Ask a bunch of photographers who’ve tried their hand at various genres and a large percentage of them might tell you that street photography is the most challenging, especially for beginners. Without getting into the utter fear and apprehension most people have in pointing their camera towards the direction of complete strangers the challenge with street photography in comparison to most other genres is you usually get one shot. In most other forms of photography the environment is much more controlled and you can get set up and start shooting and if it’s not to your liking or you need some tweaking you have time to do so. Not so with street. You need to think and act fast because most times if you miss the moment it’s gone so knowing the right settings for various conditions is absolutely vital. Knowing how to change those setting quickly on the fly is even more critical. So, I'm going to break down the best settings for various conditions so you can come home with less accidental blurry, grainy out of focus pictures and more work you can be extremely proud of. Daytime Probably the most unreliable time of day to shoot as you are reliant on the whims of Mother Nature and the type of light she decides to give you. Unless you live in a place that has consistent weather conditions such as countries closer to the equator then chances are you live in a city that has varying weather patterns and therefore quality of light ...and light is the most important thing in any type of photography. Rain / Sun / Snow... wildly different conditions requiring knowledge of appropriate settings for each Typically speaking when I shoot street photography during the day I like to keep to a few standard settings. Mode: Shutter Priority, Aperture Priority or Manual? There is no RIGHT way as street photographers use all modes depending on their preference. Typically during the day I’m comfortable to go into Aperture Priority or AV mode. Why? I want to control depth of field and let the camera decide the rest so I have less to think about. However, keep in mind to check what shutter speed the camera is choosing. If it’s too slow you are best to up your ISO. Focus: During the day you typically have 2 options which would be Auto-Focus or Manual aka Zone Focus. Zone Focus as the name implies is setting a focus distance at a certain range and shooting within that range to ensure your images are sharp. It will take a lot of practice to get a feel for how far things are away from your camera or if they are in your zone or not however. What I tend to use more often is AF-C plus a tracking focus area set to wide. This ensures that I capture the moving subjects in my frame. It’s not going to be always 100% accurate especially if you have a lot of action in your scene but more times than not you’ll get the shot. Plus a lot of cameras now have spot focus which I use a lot day or night. Spot focusing is taking your camera off of auto-focus mode, and choosing where on your viewfinder to put focus thus prioritizing that spot as the most important focus area before taking your shot. This is great for more still subjects and cameras like my Sony A7IV have touch screen spot focusing so I can immediately place the focus where I want on the image to nail my shot! Aperture: The aperture stands for how large or small of a hole will open in your camera to let in light. The smaller your aperture, the more of the scene that will be in focus (small apertures are the higher numbers, such as F11, while large apertures are the smaller numbers, such as F2.8). By using a small aperture, more of the shot will be in focus and so it will give us more leeway to capture our main target in focus. So I usually default to an aperture of F8 and in pure sunny conditions around F11 or even F16. If the lighting conditions worsen and I need more light I could stop down to F4 or even F2.8 but be mindful that doing so will mean less of the scene is in focus. Shutter Speed: general rule of thumb is that for still images 1 over your focal length will get the job done so for example if I’m shooting a still image with a 35mm lens than shooting at 1/35 (or whatever speed is closest) will give me a sharp image. But it’s rare that in street photography that our subjects are not moving so in order to freeze the action and minimize blur I recommend to shoot at a shutter speed of at least 1/250 and preferably faster. ISO: During the day and especially during bright conditions you’ll typically want to keep this down as low as possible so we don’t introduce MORE light into your camera. Here I’m typically at around 200-400 ISO and under cloudy or darker shade conditions anywhere from 800-1600. Be mindful of your cameras capabilities here though. Most of the newer, semi-pro cameras can crank up the ISO no problem however if you’re using an older or cheaper model you might want to half my recommendations. Nighttime I can definitely say that nighttime shooting is much more consistent in terms of lighting conditions than daytime. We can show up to the same locations night after night and the same lights will typically be on giving us the same conditions consistently. No matter when I show up at night to these spots, I can rely on roughly the same lighting conditions However night photography presents its own set of challenges and most photographers really struggle in terms of getting quality images at night. Here are my basic settings Mode: Here I will almost always use Manual mode as I prefer to have full control over the camera under low light conditions. Many night photographers will use Aperture priority and that’s ok too but be sure to set a minimum shutter speed in your camera of around 1/250 and a maximum ISO of 6400 but perhaps less if your camera gets too noisy at those levels. Focus: I usually use Automatic AF with a Focus Area set to Flexible spot. On my Sony A7IV I can easily touch the screen of where I want the focus to be which is really important at night as we have such a shallow depth of field. On a Nikon you’re best to use 3-D tracking and on a Canon Single-point AF will get you the same results. *PRO TIP - when using any of the auto modes at night try setting your exposure compensation by -.7 or -1. This is because your camera might try to overcompensate a dark scene by overexposing your brightest areas and we must always remember to protect those highlights. By setting our exposure compensation down we are essentially pre-emptively making our photos darker so we can properly pull up the exposure later in post editing. Aperture: This is where a fast lens is going to earn its money. Having a lens that can shoot at 1.8, 1.4 or even 1.2 like my Sony 50mm GM is going to make night shooting a lot easier as we have much more room to let light into our cameras. Of course we don’t need to shoot wide open all the time but having that option is a key difference between a dark and grainy photo and a well lit and clean one. Shutter Speed: Keep your shutter speed fast enough to freeze any movement in your scene but slow enough to let in more light. If you want to capture light trails and purposefully add motion blur to your photos you can of course keep this number down. You’ll have to figure out what’s best according to your subject and style. And bring a tripod! Shutter Speed at 1/40 to capture lots of light and camera on a tripod ISO: newer cameras can really push the boundaries of ISO and if I’m going to give anything up in order to properly expose my scene it would have to be ISO. You want to keep it as low as possible but on my Sony A7IV I would be comfortable to take my ISO as high as 6400 under some conditions. Typically however because I use faster primes lenses at night I can keep this number much lower. And there you have the basics! There is a lot more to get into obviously but these core concepts will get anyone moving on the right path. The end goal is to practice so often that these settings can be changed instinctively on the fly with little to no thinking and of course hesitation. Too much time spent fiddling around on your camera and just maybe the moment you wanted to capture has already gone. Leave a comment below if you found any of this helpful or any questions on what we covered! Thanks always for reading and catch you on the next one when we cover DAY 4: What To Look For and Lighting. - d.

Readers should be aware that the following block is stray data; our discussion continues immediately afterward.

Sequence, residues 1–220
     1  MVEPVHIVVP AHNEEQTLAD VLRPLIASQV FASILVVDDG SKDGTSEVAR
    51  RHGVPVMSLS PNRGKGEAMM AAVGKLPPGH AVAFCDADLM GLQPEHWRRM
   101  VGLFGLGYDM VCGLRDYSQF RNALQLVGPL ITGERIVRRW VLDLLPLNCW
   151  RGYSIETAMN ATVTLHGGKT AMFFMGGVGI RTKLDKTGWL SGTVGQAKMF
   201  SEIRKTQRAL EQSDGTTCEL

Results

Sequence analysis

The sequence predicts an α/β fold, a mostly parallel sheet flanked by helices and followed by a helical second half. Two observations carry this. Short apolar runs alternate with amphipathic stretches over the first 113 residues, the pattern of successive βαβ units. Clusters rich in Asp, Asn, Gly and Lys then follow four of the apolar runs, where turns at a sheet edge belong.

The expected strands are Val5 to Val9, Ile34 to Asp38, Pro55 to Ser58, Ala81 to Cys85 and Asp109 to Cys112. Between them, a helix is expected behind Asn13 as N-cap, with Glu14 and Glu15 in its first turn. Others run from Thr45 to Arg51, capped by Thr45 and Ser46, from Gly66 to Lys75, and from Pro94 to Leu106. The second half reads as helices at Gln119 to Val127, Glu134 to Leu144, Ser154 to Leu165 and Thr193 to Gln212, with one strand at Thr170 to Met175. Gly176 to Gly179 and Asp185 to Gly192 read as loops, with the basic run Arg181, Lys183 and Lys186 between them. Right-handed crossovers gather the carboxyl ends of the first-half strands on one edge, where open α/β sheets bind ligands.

• How NOT To Do a Snowy Mountain Top Boudoir Shoot (and steps for a successful Photoshoot on location)